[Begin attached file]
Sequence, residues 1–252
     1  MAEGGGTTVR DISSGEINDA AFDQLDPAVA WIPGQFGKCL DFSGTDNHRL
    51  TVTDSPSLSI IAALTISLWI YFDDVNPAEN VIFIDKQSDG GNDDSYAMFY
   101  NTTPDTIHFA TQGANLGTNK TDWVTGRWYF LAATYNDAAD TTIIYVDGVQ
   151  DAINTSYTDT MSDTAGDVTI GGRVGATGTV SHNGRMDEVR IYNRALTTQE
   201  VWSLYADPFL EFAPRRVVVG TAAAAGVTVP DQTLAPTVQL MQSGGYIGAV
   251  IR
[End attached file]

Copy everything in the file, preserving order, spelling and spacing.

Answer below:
Sequence, residues 1–252
     1  MAEGGGTTVR DISSGEINDA AFDQLDPAVA WIPGQFGKCL DFSGTDNHRL
    51  TVTDSPSLSI IAALTISLWI YFDDVNPAEN VIFIDKQSDG GNDDSYAMFY
   101  NTTPDTIHFA TQGANLGTNK TDWVTGRWYF LAATYNDAAD TTIIYVDGVQ
   151  DAINTSYTDT MSDTAGDVTI GGRVGATGTV SHNGRMDEVR IYNRALTTQE
   201  VWSLYADPFL EFAPRRVVVG TAAAAGVTVP DQTLAPTVQL MQSGGYIGAV
   251  IR